Pikeliai, Lithuania Pikeliai/Pikeln is a town in Lithuania. While there are no Jews living there in the present day, it used to have a Jewish community. There are around 200 unique Jewish surnames associated with this shtetl based on my research in 19th and early 20th century records. The purpose of this project is to identify whether Jewish people with ancestors from this shtetl are related.
Przedborz, Poland Trace the common ancestry of Jewish familes from the town of Przedborz, Poland and surrounding towns, such as Opoczno, Konskie, Checiny, Radom, Radomsko, Wloszczowa, Koniecpol, Kielce, Czestochowa, Piotrkow Trybunalski and nearby smaller shtetls.
Jews of Rhodes We are trying to identify the original 50 families who were Iberian, Italian, and Romaniote Jews that existed in Rhodes in 1522. This will be done by studying the paternal lines (using Y DNA testing) and the maternal lines (using mitochondrial DNA testing) of Jews whose families had lived on the Island of Rhodes.
Telsiai Uyezd/District, Lithuania The purpose of this project is to identify whether Jewish people with ancestors from this district/Uyezd are related. Towns/shtetls in this district include: Aleksandravas, Alsedziai, Barstyciai, Darbenai, Gargzdai, Gruslauke, Jokubavas, Kalnalis, Kartena, Kretinga, Kuliai, Laukuva, Lieplaukis, Mosedis, Nevarenai, Palanga, Pavandene, Pikeliai, Plateliai, Plunge, Pozere, Salantai, Salociai, Saukliai, Seda, Skuodas, Telsiai, Tirksliai, Tverai, Varniai, Ylakiai, Zarenai, Zemaiciu Kalvaria, Zemalenai, Zidikai


Jewish Genealogical Society (JGS) DNA Projects
Project Name Description
JGS Oregon We'll help obtain testing and interpret test results for those who currently live in Oregon or southern Washington State, or whose ancestors came from this area. If you live in this area and are Jewish or if you think you have Jewish ancestry, we welcome you to our group.
JGSGW Members of the Jewish Genealogy Society of Greater Washington (JGSGW) and anyone who is a relative of a member, searching for his or her Jewish roots, are welcome to join.


Heritage Projects
Project Name Description
Anousim Crypto Jews from Mexico and the United States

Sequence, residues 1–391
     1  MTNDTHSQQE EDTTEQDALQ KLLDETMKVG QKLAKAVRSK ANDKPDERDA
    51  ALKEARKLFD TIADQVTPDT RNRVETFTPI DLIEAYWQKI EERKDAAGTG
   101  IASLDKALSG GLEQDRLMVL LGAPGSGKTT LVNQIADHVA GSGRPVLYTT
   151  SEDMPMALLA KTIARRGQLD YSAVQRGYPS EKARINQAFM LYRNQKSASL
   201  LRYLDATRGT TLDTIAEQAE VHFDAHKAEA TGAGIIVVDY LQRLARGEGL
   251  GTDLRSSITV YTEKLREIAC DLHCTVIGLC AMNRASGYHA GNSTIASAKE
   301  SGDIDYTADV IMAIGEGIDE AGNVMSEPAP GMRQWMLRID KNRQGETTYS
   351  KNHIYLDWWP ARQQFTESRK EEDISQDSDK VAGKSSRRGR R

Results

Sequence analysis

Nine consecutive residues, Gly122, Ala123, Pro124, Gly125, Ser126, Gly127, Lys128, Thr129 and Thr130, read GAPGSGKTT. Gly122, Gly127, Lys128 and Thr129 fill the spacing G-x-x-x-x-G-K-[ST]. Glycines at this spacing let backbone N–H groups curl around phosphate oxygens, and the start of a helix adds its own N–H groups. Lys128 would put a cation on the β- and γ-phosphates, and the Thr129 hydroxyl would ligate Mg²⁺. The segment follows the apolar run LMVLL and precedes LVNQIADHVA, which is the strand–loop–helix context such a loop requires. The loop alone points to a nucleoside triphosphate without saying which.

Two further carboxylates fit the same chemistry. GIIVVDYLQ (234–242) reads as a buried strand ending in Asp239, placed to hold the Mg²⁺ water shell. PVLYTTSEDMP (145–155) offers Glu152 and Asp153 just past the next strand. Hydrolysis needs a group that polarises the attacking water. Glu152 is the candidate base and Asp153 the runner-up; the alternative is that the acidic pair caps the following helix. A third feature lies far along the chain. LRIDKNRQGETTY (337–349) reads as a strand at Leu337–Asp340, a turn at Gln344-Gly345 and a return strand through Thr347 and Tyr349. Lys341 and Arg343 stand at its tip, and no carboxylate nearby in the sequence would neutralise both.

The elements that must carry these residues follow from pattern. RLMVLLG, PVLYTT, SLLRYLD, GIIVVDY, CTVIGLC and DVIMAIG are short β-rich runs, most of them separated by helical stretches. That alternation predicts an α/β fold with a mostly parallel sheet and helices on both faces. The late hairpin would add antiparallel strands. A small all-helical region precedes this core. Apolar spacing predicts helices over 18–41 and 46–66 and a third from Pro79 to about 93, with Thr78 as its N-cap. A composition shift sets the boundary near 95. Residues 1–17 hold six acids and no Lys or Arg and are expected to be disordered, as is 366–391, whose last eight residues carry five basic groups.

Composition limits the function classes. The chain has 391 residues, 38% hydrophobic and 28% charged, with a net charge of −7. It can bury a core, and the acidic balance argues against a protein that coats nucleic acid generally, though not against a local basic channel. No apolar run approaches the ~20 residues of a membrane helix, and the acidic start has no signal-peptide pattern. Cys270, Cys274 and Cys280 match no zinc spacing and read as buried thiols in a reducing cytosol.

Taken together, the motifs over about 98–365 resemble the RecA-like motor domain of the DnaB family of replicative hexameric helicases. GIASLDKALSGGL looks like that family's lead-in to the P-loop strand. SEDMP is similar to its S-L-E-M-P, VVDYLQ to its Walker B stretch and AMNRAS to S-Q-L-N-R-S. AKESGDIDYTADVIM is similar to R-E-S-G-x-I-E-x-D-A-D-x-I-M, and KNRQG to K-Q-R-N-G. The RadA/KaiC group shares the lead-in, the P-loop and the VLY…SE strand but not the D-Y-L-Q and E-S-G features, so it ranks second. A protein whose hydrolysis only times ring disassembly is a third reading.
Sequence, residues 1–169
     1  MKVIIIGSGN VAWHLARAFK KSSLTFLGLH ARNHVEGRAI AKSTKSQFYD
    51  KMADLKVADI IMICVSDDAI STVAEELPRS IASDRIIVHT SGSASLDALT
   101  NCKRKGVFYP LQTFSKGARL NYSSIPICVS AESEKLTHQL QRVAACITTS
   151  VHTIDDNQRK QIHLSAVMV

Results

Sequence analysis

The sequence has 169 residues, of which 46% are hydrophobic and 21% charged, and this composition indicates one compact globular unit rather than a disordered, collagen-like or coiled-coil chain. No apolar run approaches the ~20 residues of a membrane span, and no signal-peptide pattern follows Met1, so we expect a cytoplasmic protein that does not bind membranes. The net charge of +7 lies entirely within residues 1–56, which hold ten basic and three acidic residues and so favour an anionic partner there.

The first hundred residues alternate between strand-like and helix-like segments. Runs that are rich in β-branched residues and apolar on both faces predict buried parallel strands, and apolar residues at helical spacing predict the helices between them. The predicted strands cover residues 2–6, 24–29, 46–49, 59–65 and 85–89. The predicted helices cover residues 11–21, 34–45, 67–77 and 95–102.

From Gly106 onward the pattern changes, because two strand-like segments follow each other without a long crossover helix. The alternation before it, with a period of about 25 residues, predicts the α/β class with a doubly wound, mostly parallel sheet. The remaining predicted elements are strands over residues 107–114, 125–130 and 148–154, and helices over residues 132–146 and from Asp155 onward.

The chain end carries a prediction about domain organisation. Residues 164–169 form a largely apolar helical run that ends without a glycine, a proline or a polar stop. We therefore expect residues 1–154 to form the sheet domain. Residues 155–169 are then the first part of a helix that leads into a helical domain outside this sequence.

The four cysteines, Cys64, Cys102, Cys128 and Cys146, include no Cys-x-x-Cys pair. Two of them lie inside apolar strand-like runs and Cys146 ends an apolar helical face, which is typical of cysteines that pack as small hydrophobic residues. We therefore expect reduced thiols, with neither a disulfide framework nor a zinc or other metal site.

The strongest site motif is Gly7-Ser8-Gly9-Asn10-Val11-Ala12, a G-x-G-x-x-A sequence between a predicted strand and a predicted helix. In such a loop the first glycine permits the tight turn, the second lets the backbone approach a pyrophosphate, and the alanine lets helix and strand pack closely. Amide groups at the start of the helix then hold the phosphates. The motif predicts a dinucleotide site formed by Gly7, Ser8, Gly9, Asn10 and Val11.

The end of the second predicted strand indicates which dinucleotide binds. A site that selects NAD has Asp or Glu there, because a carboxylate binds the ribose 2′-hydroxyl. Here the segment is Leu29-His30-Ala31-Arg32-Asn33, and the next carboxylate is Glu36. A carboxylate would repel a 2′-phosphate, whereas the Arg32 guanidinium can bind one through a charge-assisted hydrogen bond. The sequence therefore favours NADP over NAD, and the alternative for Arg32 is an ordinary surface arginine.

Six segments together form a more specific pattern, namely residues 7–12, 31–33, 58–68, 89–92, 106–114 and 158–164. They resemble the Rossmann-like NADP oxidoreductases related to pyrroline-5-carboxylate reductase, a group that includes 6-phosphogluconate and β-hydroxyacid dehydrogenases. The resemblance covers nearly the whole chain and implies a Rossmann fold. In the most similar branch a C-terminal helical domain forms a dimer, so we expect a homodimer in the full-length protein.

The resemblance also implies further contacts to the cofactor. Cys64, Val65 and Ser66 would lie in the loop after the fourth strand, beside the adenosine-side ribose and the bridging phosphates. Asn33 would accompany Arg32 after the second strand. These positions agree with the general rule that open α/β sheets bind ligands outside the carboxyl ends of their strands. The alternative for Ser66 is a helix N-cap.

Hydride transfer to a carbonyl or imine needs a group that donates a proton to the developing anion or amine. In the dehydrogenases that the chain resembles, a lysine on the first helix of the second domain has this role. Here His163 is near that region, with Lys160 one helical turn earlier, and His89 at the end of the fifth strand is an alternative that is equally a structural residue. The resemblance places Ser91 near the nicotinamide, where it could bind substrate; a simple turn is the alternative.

Canadian Anusim Crypto Jews of French descent
Davidic Dynasty DNA research to establish common Y-DNA and mt-DNA pattern/patterns for those that have a tradition in their family that they come from the Royal House of David. Many of our great Rabbis were from the House of David, so if you are from a Rabbinic line you could also be the House of David.
Jewish Heritage Project Anyone with Jewish ancestry is invited to join this project and compare your DNA with others.
Hebrew DNA Project Open to everyone who has reason to believe they had Hebrew ancestors.
Sephardic Heritage Worldwide Sephardim
Sephardim New Mexico Crypto Jews of New Mexico
Tribe of Yissochur Open to men who claim patrilineal descent from the Bnei Yissoschur, Reb Hersh Mylech Spira of Dynow (1783 - 1841)


Haplogroup Projects
Note: Haplogroup projects are restricted to people who ALREADY have their DNA results. These projects do not accept members who haven't taken a DNA test yet since you need to know your haplogroup to join the correct project.
Project Name Description
Y-DNA Haplogroup J For all men whose DNA results place them in Y-DNA haplogroup J
Jewish E For Jewish men whose DNA results place them in Y-DNA haplogroup E
Jewish R1b For Jewish men whose DNA results place them in Y-DNA haplogroup R1b
Jewish Q For Jewish men whose DNA results place them in Y-DNA haplogroup Q
mtDNA Haplogroup H For everyone whose mtDNA results place them in mtDNA haplogroup H
mtDNA Haplogroup K For everyone whose mtDNA results place them in mtDNA haplogroup K
mtDNA Haplogroup N For everyone whose mtDNA results place them in mtDNA haplogroup N


Learn More about Genetic Genealogy

Mailing Lists & Discussion Boards FAQs, Tutorials & Other Resources
Subscribe to the JewishGen DNA Testing Discussion Group
Family Tree DNA Discussion Forums
Family Tree DNA FAQ
FTDNA Tutorial - Understanding DNA
FTDNA Tutorial - Reading and Comparing DNA Test Results
mtDNA Results FAQ
Understanding Haplogroups
International Society of Genetic Genealogy


Scientific Research Papers
1/2006The Matrilineal Ancestry of Ashkenazi Jewry: Portrait of a Recent Founder Event (pdf)
5/2004MtDNA evidence for a genetic bottleneck in the early history of the Ashkenazi Jewish population (pdf)
1/2004Contrasting patterns of Y chromosome variation in Ashkenazi Jewish and host non-Jewish European populations (pdf)
9/2003Multiple Origins of Ashkenazi Levites: Y Chromosome Evidence for Both Near Eastern and European Ancestries (pdf)
7/2001Y Chromosomes of Jewish Priests (pdf)
6/2000Jewish and Middle Eastern non-Jewish populations share a common pool of Y-chromosome biallelic haplotypes (pdf)